Why Some Classic Viruses May Come Back to Haunt a Corporate Network Near You

Recycled threats are on the radar of the major antivirus vendors

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The ghosts of viruses past are never far away. Recently, a German computer manufacturer discovered it was shipping PCs that contained a variant of the Stoned virus called Angelina—a 15-year-old boot sector virus. Over the last year, there has been a resurgence of file infector, or parasitic, viruses as well: Not too long ago, W32/Virut began infecting .exe and .scr files, causing significant damage to a number of computer systems.

“Over the last six months, we’ve seen some nasty parasitic infectors and old-school destructive viruses,” says Dave Marcus, security research and communications manager at McAfee. While such viruses account for only 10 percent of all the malware that exists, static malware like bots and Trojans are still far more common. Recycled threats are on the radar of the major antivirus vendors, Marcus says.

“Our view is that viruses will always be lurking in your desk drawer, maybe getting dusty, but one day they will catch up,” says Graham

Cluley, a senior technology consultant at Sophos. That is why the antivirus vendor never delists virus signatures from its products. “There is a lag time between when viruses are detected and when they actually become extinct,” says Robert Freeman, team lead, X-Force Protection Technologies, part of IBM Internet Security Systems (ISS). “And due to Internet connectivity, many [viruses] that really shouldn’t be prevalent are not yet extinct.” That’s because today, many viruses of old can replicate through e-mail or peer to peer—technologies that were not as prolific in the age of floppy disks.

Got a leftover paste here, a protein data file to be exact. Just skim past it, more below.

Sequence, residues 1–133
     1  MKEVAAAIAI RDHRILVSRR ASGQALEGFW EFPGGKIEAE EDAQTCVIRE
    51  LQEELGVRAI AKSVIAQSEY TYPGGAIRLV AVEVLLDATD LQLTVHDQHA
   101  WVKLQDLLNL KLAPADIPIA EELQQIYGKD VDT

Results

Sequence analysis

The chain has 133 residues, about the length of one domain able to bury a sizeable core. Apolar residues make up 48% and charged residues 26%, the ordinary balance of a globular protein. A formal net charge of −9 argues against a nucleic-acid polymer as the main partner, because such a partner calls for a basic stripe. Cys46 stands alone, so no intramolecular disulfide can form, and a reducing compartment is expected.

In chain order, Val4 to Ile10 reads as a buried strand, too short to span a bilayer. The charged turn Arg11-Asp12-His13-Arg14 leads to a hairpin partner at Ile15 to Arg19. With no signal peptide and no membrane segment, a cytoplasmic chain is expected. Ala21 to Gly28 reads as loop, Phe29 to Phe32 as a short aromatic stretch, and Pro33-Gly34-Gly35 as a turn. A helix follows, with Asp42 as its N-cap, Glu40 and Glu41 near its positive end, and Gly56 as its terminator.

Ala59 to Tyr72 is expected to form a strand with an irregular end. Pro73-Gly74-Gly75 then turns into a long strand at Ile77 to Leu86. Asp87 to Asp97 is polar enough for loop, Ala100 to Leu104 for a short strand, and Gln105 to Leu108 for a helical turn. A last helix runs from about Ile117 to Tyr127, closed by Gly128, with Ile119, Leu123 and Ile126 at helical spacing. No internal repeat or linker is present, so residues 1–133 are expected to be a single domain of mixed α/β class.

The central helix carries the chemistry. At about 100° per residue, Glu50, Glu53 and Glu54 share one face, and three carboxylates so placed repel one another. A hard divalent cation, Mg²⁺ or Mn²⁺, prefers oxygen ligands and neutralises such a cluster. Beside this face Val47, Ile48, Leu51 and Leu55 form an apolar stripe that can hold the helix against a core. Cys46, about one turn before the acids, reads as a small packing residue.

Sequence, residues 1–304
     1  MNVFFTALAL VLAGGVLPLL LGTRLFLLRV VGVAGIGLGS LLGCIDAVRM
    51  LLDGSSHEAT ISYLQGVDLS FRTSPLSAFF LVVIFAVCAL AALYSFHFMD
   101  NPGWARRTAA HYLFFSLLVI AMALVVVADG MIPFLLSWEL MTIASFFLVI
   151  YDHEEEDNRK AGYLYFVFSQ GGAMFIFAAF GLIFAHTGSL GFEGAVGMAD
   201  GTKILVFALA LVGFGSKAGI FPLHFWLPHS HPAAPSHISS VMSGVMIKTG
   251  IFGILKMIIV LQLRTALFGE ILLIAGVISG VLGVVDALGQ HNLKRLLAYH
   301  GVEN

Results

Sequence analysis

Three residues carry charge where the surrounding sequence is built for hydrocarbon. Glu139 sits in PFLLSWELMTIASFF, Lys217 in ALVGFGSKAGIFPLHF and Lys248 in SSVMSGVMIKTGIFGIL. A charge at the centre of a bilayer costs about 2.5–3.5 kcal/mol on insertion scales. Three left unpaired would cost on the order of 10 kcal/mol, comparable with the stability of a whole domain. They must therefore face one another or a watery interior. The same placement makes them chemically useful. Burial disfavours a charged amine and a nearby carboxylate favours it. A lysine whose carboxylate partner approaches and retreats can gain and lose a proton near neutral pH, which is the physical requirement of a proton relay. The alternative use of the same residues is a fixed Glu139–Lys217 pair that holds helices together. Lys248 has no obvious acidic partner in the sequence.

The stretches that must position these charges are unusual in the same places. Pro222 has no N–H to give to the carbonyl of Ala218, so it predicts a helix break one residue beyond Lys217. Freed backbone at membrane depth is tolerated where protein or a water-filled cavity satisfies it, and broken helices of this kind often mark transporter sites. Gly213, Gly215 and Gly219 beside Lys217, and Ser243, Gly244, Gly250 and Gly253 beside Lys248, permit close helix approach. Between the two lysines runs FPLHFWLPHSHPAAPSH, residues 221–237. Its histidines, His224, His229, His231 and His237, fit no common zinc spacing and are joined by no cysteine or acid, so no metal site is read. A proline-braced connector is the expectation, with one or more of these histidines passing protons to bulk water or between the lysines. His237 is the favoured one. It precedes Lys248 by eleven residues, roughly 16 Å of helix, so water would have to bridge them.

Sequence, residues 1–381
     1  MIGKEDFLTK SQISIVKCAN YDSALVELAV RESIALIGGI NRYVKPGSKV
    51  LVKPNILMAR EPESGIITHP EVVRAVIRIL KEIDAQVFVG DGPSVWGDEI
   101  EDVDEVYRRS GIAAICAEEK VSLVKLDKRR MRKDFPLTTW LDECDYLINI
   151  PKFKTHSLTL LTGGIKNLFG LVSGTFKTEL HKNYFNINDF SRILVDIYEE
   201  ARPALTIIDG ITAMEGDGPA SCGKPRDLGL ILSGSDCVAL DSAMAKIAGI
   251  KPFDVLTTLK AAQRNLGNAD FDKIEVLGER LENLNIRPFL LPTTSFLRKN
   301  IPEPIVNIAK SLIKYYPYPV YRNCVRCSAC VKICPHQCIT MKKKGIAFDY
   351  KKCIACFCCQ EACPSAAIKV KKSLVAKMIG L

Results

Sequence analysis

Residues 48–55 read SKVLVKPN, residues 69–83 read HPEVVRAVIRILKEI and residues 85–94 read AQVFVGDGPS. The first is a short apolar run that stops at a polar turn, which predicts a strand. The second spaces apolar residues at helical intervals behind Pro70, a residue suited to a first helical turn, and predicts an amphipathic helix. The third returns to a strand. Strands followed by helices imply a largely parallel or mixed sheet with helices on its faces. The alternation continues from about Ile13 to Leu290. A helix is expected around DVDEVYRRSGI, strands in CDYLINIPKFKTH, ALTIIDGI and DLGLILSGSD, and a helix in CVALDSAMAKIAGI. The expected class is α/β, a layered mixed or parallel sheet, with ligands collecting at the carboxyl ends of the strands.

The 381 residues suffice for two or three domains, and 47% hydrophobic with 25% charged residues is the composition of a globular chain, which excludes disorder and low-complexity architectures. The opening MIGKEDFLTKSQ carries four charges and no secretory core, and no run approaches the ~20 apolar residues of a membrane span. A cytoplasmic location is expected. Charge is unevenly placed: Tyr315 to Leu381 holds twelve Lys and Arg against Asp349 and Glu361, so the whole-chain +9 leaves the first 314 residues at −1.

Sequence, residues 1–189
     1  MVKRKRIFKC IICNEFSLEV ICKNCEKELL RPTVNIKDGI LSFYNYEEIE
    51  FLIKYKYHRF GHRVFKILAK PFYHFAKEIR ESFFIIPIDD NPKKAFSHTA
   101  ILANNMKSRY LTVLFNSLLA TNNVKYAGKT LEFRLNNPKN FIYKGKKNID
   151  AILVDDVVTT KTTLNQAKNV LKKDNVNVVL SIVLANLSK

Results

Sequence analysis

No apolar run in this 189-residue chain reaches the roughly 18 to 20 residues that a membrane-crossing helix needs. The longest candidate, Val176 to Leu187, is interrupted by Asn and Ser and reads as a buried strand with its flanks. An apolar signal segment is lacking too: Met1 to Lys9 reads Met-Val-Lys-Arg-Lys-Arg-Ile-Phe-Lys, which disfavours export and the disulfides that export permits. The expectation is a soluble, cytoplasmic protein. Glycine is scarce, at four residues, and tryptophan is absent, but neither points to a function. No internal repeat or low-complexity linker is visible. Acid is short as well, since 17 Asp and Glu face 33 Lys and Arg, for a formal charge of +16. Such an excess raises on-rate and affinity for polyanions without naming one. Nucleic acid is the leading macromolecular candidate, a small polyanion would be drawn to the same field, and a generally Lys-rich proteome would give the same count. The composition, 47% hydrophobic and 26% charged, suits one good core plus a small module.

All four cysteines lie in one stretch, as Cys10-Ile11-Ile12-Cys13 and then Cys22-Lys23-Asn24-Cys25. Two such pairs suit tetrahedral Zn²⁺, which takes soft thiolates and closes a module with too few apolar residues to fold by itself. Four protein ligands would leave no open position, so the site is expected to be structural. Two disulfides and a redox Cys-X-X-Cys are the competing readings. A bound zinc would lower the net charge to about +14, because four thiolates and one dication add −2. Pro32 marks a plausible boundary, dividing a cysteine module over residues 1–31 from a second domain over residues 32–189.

Marcus says that the choice to remove certain virus signatures is dependent on a few factors. “There is such a cyclical nature to malware that we don’t like to completely remove the capabilities to deal with them. We may disable some based on the fact that most operating systems no longer utilize the old functions those viruses require. However, we try and leave them in the collection database, but consider downgrading their need.” Cluley says the practice of determining which viruses can be removed from the database is often more effort than it’s worth. If a vendor does decide to delist something, it’s usually due to performance issues, says Cluley. “Rather than spend nine months redesigning their antivirus, the simpler fix is to reduce the amount of malware it addresses until they’re ready with their new engine.”

ISS points to behavioral and heuristic techniques (see accompanying story) as perhaps better ways to solve the problem of polymorphic malware. That way, ghosts like Angelina won’t be so easy to recycle once their signatures become too old to recognize.

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